A more likely scenario for bringing such a strong pressure gradient inland is a more zonal--northeast to east--storm track. With such tracks, the upper-air flow tends to be more westerly, and therefore the upper wind support for southerly near-surface winds is weaker, mitigating wind speeds to some extent. However, with a 30.9 hPa/169 km gradient, record wind speeds may be possible even with a more zonal track. On 10 Nov 1975 a 97.5 kPa (28.79" Hg) extratropical cyclone on an east-northeast path brought a 24 hPa/161 km (100 miles) gradient inland, which resulted in perhaps the highest gust ever recorded at Roseburg, 75 mph (120 km/h), this in a very narrow north-south valley that is a fairly wind-sheltered location.
Peak measured 1-minute winds during the 02 Oct 1967 extratropical cyclone that tracked through northwest Oregon reached 48 mph (78 km/h) at Salem. A fastest mile of 70 mph (113 km/h), equivalent to a 51-sec average, occurred at Portland. The storm brought a peak pressure gradient of 16.2 hPa/169 km, with a pressure slope of 228° indicating a low center well inland. Now bring in the 12 Mar 2012 low: sqrt(30.9/16.2) = 1.38. This suggests the potential for a 66 mph (106 km/h) peak 1-min wind at Salem, and a stunning 97 mph (156 km/h) 51-sec wind for Portland, speeds higher than the CDS.
Some things to consider about the scenarios presented here: They are modeled from a real storm that had a minimum central pressure of around 96.1 kPa (28.40" Hg). Deeper central pressures have occurred with a number of Pacific Northwest windstorms. The 09 Jan 1880 storm may have had a central pressure of 95.5 kPa (28.20" Hg) before landfall and tracked across extreme northwest Oregon to a position due north of Portland, this with a central pressure still deep enough to depress the barometric indicator to an all-time record low of 967.0 hPa (28.56" Hg) in the Rose City. The 14 Nov 1981 major classic windstorm had a minimum central pressure of at least 94.7 kPa (27.96" Hg) (Reed and Albright 1986). A number of extratropical cyclones have tracked in the vicinity of Astoria, including the 1880 storm, the CDS, and 05 Feb 1965. A strong extratropical cyclone on 27 Mar 1963 not only tracked inland very close to Astoria, but was also on a recurving path shifting from northeast to north-northeast at the time of closest approach. There is at least one historical storm that produced a stronger pressure gradient than the 12 Mar 2012 windstorm: The 03 Nov 1958 extratropical cyclone brought a truly phenomenal 19.8 hPa /100 km, or 33.4 hPa/169 km, pressure gradient into southwest Washington. In summary, the key elements in the presented scenarios are well within the realm of possibility.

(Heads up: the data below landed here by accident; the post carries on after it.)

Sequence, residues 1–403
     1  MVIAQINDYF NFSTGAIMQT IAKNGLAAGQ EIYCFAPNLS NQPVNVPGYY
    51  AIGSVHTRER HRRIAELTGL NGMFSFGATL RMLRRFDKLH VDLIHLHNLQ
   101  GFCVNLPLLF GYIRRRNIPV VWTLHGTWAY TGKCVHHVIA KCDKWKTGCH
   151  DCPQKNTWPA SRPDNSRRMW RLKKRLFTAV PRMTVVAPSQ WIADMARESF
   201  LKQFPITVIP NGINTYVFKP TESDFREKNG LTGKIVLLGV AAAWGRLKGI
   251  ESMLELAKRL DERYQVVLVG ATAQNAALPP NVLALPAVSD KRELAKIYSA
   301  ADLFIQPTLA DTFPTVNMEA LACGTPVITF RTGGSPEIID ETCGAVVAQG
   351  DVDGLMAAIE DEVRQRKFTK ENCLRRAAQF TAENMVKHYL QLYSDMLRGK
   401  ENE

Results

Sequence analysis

There does appear to be a relationship between windstorm central pressure and peak gust speeds (Read 2015b), this despite some noise due to the magnitude of the background pressure field having an influence on the absolute central pressure value. For example, a 96.0 kPa storm in broad region of already low pressure may be equivalent--have the same total pressure difference from the edge of the storm to the center--to a 98.0 kPa storm in a region with higher overall background pressure. Regardless of the noise, the observed tendency for faster gusts around deeper lows likely reflects a trend of steepening pressure gradients as storm central pressure drops. Thus, it seems possible that an even more extreme windstorm than in the proposed scenarios could happen. A 94.7 kPa (27.96" Hg) extratropical cyclone such as the 14 Nov 1981 event tracking over Astoria as in Figure 3.1 could potentially have steeper gradients than the 12 Mar 2012 windstorm, and therefore generate even faster winds than the already extreme values presented above.
Focus has been on the Willamette Valley mainly because this is where the CDS brought the strongest winds to the interior lowlands. Scenarios that suggest wind speeds in excess of the CDS in the Willamette Valley also point to the possibility of exceedence in other regions affected by the CDS, such as the Puget Lowlands and the Lower Mainland.